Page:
Development of a New Assay to Measure Tannins in Grapes and Wines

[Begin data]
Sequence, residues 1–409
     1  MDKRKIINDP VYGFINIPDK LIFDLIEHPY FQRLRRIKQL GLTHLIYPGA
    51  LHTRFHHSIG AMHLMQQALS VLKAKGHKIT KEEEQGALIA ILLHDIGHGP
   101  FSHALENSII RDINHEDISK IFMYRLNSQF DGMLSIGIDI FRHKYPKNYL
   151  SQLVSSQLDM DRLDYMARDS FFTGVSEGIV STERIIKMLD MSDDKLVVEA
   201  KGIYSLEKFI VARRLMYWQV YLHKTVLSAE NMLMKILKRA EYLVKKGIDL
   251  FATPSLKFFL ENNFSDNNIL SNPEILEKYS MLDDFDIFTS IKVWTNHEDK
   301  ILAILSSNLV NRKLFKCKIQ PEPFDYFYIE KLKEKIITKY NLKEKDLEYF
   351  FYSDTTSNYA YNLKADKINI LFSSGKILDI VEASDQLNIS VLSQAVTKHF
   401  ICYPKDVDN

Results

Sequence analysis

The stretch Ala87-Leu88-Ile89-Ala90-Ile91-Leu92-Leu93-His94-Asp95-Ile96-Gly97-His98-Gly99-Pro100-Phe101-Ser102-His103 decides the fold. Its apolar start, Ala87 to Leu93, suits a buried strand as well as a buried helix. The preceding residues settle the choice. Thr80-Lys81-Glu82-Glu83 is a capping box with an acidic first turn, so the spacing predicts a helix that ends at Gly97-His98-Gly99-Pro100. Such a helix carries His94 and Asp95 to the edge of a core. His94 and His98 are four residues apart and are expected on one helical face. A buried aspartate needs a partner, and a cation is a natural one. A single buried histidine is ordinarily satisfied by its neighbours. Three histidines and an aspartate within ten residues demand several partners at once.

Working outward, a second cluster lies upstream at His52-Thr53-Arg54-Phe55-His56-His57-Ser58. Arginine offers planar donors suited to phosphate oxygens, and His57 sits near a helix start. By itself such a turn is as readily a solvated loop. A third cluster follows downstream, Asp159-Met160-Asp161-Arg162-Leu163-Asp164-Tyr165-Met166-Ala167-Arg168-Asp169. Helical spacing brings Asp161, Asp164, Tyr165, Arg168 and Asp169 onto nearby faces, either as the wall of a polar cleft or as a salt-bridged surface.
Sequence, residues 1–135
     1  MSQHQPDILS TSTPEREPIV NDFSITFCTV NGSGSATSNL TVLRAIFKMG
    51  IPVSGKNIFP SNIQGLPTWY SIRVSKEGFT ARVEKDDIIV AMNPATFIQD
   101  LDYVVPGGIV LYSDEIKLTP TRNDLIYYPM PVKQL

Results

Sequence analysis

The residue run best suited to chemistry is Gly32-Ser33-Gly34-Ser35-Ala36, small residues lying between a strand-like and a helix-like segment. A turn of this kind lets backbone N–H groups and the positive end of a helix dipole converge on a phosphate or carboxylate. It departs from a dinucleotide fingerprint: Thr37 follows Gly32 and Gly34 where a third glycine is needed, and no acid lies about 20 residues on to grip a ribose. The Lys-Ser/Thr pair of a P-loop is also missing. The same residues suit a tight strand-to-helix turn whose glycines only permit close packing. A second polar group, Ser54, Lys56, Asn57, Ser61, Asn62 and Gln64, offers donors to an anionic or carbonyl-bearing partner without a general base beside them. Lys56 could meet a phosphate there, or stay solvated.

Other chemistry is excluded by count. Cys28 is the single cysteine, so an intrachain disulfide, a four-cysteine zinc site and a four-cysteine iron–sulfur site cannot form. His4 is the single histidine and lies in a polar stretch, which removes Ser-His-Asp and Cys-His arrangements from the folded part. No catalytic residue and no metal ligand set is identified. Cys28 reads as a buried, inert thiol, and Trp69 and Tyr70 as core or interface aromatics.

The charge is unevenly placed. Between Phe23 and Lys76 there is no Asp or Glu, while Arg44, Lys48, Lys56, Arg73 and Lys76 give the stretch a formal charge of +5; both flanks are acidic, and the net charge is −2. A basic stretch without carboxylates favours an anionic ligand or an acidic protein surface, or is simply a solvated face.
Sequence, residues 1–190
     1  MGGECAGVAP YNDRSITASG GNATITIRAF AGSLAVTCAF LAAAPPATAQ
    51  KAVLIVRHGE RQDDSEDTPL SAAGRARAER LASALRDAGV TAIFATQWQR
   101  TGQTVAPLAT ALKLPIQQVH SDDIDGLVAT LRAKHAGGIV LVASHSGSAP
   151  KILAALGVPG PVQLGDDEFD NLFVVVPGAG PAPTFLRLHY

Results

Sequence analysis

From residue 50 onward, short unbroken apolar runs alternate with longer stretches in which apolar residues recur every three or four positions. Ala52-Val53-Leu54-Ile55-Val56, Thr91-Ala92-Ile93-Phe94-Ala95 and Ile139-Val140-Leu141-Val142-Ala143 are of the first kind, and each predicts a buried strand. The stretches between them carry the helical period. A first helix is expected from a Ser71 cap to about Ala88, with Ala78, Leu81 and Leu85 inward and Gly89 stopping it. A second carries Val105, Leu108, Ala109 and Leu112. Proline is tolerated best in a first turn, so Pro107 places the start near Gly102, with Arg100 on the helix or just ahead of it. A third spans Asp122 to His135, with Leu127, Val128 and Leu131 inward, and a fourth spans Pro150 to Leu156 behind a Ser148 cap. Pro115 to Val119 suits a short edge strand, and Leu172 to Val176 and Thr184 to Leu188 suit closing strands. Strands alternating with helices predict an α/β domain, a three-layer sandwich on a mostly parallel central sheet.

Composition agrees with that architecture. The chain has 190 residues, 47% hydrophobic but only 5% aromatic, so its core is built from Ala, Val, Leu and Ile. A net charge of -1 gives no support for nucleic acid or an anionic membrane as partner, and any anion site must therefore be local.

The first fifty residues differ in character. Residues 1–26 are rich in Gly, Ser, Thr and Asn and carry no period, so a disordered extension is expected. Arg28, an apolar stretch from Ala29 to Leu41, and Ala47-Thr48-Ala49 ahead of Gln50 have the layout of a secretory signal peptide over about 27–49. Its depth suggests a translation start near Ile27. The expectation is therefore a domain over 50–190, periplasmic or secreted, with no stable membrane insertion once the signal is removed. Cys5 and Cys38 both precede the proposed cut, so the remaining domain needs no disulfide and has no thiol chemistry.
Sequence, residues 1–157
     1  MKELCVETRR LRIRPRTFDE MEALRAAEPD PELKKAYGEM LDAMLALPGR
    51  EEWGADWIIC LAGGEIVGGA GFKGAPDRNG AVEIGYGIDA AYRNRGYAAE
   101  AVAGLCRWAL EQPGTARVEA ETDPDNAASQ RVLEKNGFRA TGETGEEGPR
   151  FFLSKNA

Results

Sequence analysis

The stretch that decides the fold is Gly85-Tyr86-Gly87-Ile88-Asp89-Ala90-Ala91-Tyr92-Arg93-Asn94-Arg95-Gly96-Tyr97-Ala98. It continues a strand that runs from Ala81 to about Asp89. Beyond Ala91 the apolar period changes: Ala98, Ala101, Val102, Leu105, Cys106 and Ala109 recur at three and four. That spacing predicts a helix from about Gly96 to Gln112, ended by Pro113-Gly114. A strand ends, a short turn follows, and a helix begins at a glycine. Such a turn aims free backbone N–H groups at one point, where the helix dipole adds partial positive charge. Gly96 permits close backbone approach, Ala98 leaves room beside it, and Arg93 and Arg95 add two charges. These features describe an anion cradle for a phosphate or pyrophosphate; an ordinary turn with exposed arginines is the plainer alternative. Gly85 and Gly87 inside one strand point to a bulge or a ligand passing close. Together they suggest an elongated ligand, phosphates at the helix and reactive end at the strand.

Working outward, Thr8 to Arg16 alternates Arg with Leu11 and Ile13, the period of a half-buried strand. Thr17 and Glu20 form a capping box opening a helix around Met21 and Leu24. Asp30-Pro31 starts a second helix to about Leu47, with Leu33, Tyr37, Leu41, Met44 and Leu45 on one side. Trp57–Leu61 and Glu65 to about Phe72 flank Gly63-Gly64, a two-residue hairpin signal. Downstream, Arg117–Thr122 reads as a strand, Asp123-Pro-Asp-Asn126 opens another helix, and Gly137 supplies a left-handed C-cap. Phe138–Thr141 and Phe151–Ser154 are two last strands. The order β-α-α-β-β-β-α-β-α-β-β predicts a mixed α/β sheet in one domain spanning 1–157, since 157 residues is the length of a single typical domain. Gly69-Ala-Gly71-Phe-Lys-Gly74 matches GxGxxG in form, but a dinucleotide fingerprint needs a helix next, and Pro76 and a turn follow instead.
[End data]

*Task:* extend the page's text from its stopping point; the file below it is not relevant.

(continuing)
This research project has been aimed at developing an assay for tannins that can be used in wineries. The first such assay we developed was based on tannin binding to a protein coated onto 96-well micortiter plates. This assay is easy to perform, it is sensitive to very low levels of tannins and can provide very high throughput for situations where large numbers of samples must be analyzed. One disadvantage of the plate-binding assay is the well-to-well variability which was minimized by introducing high salt washes into the procedure. A further disadvantage is that the procedure requires a specialized piece of equipment in the form of a microtiter plate reader which is uncommon in most winery laboratories. We used the principle of the plate-binding assay to develop a solution assay which requires only a spectrophotometer to perform. The variability seen in the plate binding assay is eliminated in the solution assay. The solution assay is less sensitive than the plate binding assay, but it has a much wider useful range, and is still sensitive enough to measure tannins even in light red wines. The solution assay is based on measuring the activity of an alkaline phosphatase enzyme (AP) which co-precipitates with bovine serum albumin (BSA) when tannin is added to a solution containing both proteins at a pH near the pi of BSA. The solution assay requires measuring the rate at which AP hydrolyzes a substrate and is thus a kinetic-based assay. In the current year we developed a third assay for tannins in grapes and wines. It takes advantage of protein precipitation by tannins, but is an end point assay rather than kinetic. Furthermore it measures the amount of tannin directly, by formation of a colored complex with ferric ion, rather than indirectly by the amount of protein precipitated by the tannin. This assay is even easier to perform than the solution assay with AP and is less expensive because the AP enzyme is replaced with a suitable ferric chloride solution. Throughput is also higher because it is an end point assay rather than a kinetic-based one. During the 1998 season we used the end point assay to determine the amount of tannin in skins and seeds of Cabernet Sauvignon and Pinot noir berries during development, from three weeks prior to veraison until harvest. In both varieties the amount of tannin in skins changed very little during this time, but the amount in skins of Cabernet Sauvignon was greater than in Pinot noir. Seed tannin was found to be highest shortly before veraison and showed a rapid decline just afterward. In Cabernet Sauvignon seeds the tannin level declined soon after veraison and remained constant during the four weeks prior to harvest, at which time the amount of tannin in skins and seeds was nearly the same. Comparison of tannins in berries with tannin levels in wines made from the fruit showed that less than 25%of the tannins in the berries at harvest was present in the finished wine.